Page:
Movie Review, “Big Star: Nothing Can Hurt Me”


The legend of the band Big Star was born back in May of 1973, when a promoter flew legions of young rock critics into Memphis for a “convention” that was essentially a stunt to get them to hear Big Star perform.
Big Star, a Memphis group built around former BoxTops singer and songwriter Alex Chilton (“The Letter”), were a bit out of step with the music of their day, a power pop quartet just a little ahead of their time. Most people know them for creating the song “In the Street” that was adapted and covered by Cheap Trick as the theme to “That ’70s Show.”
With their jangly Byrds-inspired guitars and close harmonies, Chilton, Chris Bell, Andy Hummel and Jody Stephens were already earning glowing reviews, if not great record sales. But that May ’73 junket stunt cemented them in legend. As the fame never came and the decades of musical experimenting by the leading lights of the group went on, the myth only grew.
“Big Star: Nothing Can Hurt Me” explores that legend through interviews with surviving members of the group, vintage radio tapes of those who haven’t survived and scores of testimonials by those influenced by this band with the outsize impact on the music to come. Robyn Hitchcock describes the band as like “a letter posted in 1971, that arrived in 1985.” Members of R.E.M., The Flaming Lips, the dbs and Yo La Tengo marvel at their sound and that they never lived up to their name, copped from a Memphis supermarket chain.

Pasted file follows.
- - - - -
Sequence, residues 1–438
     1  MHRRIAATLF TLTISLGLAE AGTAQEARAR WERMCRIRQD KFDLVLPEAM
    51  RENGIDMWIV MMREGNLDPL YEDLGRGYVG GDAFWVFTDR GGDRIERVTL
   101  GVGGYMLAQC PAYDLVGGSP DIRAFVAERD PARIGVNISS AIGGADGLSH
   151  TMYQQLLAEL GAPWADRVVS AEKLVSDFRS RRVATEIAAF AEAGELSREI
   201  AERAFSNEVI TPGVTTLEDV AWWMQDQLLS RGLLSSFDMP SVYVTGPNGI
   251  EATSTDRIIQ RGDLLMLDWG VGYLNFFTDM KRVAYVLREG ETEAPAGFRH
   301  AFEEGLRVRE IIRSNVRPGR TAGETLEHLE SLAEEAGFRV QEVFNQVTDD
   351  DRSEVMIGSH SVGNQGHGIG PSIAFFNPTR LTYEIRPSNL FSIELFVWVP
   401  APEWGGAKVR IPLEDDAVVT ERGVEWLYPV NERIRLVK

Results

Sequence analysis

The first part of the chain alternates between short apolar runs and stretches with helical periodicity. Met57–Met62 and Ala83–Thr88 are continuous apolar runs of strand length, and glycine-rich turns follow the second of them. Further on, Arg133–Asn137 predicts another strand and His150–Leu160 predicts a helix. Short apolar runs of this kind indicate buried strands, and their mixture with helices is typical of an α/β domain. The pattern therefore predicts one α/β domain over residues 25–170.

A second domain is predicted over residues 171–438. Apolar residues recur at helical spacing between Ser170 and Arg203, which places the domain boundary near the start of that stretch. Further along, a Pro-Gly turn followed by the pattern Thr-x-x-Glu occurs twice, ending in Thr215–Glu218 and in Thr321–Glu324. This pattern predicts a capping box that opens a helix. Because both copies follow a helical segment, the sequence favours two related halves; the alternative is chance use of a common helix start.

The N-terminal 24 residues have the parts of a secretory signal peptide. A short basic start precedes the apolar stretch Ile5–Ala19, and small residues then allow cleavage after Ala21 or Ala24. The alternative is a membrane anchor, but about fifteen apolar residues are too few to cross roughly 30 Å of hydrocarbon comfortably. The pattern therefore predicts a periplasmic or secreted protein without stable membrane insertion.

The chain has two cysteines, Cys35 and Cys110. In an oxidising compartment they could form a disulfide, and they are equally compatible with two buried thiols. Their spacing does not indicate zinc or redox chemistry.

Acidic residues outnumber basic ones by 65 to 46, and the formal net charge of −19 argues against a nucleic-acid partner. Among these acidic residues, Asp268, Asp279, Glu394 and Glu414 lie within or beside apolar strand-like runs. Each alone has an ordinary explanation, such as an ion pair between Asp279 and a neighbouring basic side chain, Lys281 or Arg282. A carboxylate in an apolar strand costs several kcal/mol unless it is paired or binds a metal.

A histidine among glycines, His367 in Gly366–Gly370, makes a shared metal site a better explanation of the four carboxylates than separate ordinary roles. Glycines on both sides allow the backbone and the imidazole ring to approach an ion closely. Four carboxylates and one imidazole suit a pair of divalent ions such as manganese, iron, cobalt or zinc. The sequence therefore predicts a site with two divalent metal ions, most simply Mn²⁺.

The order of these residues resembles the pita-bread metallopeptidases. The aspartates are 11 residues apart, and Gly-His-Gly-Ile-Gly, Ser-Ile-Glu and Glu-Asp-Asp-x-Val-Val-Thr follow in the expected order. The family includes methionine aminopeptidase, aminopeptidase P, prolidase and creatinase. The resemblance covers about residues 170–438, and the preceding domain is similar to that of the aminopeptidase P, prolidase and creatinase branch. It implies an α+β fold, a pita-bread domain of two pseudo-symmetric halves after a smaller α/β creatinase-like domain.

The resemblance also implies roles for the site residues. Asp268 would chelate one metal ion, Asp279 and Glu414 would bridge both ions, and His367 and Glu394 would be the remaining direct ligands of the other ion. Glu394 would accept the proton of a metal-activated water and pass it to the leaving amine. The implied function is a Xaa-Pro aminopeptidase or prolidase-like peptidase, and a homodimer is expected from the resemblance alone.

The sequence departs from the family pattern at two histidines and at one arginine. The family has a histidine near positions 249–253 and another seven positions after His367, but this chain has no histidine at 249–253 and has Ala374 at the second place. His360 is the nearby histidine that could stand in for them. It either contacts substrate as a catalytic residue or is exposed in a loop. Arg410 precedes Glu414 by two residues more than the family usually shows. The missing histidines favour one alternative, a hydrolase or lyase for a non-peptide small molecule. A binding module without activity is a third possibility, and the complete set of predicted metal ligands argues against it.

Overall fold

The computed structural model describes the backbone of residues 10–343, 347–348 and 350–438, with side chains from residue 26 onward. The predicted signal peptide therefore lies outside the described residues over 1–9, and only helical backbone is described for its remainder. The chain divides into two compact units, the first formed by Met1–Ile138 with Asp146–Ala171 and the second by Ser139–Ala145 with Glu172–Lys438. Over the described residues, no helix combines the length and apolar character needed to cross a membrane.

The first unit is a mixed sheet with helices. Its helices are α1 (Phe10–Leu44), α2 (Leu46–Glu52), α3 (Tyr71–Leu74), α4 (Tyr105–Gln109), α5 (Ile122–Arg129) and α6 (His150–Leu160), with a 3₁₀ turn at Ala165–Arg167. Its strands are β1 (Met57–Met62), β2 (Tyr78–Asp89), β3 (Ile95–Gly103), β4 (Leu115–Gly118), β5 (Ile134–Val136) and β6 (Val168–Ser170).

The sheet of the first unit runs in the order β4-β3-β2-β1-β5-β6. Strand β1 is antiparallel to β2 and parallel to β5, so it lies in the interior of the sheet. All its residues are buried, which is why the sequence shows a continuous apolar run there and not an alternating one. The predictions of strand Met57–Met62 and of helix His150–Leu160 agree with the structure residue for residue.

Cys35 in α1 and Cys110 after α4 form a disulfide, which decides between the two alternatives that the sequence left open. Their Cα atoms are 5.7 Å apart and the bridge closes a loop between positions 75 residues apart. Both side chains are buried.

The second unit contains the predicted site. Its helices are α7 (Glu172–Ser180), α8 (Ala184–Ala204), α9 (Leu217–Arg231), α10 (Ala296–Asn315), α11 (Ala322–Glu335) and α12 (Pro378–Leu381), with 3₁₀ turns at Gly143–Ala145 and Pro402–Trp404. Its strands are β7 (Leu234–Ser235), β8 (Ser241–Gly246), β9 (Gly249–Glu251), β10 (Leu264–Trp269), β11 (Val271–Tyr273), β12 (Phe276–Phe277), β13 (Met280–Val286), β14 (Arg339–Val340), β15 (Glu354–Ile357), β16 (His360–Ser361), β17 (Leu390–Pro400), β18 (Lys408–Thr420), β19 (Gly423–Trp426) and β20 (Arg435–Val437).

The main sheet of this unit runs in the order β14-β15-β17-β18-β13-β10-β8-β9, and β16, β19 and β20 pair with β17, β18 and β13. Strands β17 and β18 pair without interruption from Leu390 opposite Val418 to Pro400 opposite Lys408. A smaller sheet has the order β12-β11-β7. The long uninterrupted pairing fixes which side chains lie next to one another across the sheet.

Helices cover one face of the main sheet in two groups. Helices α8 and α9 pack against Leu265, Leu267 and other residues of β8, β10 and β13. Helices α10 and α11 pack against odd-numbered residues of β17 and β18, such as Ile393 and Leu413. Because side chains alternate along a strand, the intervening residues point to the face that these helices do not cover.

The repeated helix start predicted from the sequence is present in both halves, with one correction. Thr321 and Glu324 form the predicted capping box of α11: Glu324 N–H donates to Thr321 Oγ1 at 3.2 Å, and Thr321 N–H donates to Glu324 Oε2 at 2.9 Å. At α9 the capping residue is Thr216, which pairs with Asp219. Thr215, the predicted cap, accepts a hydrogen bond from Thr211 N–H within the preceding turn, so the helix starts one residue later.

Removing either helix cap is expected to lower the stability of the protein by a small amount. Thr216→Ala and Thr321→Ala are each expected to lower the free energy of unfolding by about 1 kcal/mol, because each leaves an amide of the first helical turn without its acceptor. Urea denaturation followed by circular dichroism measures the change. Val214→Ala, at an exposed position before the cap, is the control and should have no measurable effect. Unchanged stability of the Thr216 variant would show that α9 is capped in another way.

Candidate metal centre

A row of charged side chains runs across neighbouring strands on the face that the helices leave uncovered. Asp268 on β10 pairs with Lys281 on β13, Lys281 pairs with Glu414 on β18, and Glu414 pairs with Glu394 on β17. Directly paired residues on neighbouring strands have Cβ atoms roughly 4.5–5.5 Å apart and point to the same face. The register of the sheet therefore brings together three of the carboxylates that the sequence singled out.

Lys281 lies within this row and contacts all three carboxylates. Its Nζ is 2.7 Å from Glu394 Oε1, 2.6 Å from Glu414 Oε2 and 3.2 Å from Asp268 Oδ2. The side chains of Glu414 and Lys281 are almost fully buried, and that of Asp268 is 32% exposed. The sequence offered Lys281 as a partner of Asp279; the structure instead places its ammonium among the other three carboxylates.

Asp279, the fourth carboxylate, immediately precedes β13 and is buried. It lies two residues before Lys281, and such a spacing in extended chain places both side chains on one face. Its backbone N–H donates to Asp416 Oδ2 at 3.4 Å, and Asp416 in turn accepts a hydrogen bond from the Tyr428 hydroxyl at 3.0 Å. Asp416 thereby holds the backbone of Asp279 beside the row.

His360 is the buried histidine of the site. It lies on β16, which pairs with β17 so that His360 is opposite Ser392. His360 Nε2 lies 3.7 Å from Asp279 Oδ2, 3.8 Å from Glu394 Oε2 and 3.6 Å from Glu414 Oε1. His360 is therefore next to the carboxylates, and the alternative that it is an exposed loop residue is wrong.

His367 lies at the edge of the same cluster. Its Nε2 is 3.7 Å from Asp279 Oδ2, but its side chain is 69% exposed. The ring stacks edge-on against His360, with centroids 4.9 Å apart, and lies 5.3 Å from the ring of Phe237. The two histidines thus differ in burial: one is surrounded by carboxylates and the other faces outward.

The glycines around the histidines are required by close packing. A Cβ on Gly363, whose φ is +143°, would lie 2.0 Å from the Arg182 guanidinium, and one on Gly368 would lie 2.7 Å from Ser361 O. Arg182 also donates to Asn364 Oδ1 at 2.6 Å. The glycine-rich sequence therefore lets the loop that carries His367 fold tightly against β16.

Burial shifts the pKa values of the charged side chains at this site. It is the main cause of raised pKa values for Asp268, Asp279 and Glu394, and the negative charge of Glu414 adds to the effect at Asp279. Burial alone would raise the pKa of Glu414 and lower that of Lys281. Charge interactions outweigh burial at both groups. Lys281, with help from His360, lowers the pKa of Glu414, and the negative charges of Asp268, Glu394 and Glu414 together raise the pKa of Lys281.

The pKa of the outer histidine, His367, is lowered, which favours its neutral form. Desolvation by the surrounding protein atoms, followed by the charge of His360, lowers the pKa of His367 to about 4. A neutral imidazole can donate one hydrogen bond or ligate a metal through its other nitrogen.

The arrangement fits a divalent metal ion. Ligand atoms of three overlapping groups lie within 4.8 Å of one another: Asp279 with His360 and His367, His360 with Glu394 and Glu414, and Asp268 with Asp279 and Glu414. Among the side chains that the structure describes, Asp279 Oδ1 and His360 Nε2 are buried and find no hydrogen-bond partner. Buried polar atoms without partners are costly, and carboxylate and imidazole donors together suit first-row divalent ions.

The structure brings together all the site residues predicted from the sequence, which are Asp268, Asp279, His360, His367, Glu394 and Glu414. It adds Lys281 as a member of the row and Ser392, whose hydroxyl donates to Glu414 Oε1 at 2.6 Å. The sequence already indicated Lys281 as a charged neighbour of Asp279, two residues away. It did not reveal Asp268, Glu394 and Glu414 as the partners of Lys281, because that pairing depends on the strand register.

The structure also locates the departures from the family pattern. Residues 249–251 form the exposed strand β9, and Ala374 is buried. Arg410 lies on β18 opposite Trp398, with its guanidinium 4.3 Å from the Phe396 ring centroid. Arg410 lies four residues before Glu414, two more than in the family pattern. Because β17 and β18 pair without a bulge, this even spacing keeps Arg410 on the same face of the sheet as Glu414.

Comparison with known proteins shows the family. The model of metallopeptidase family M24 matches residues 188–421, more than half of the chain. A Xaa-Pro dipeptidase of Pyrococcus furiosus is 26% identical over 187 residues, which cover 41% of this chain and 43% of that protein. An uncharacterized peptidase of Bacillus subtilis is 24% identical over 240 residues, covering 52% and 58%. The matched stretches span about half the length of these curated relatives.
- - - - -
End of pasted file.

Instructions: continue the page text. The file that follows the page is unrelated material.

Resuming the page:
The Drew Nicola/Olivia Mori film explains why. Producers, recording engineers, band members and others talk their certainty that “this thing was going to take off.” Botched distribution by Stax Records meant that the LPs never were in stores as the rave reviews came out. And with their reviews going to their heads, the group wasn’t touring and promoting itself in a way that would ensure success, eventually.
As several observers note in the movie, they were stuck in the fantasy of fame even after it failed to materialize. But as the years went by, the records inspired a cult of Big Star fandom. Chilton kept playing, experimenting and reviving the name Big Star, feeding off the legend.
But the music — on ample display here — only occasionally hints at what all the fuss was about. The filmmakers were plainly true believers. They’ve made an overlong and often repetitious movie, dragging out a “Behind the Music” story arc to just shy of an unsustainable two hour length. There isn’t much in the way of “live” Big Star performance footage to make their case. And lacking context — maybe clearing the use of music that was influenced by them to demonstrate how far ahead of their time that they were — would have helped.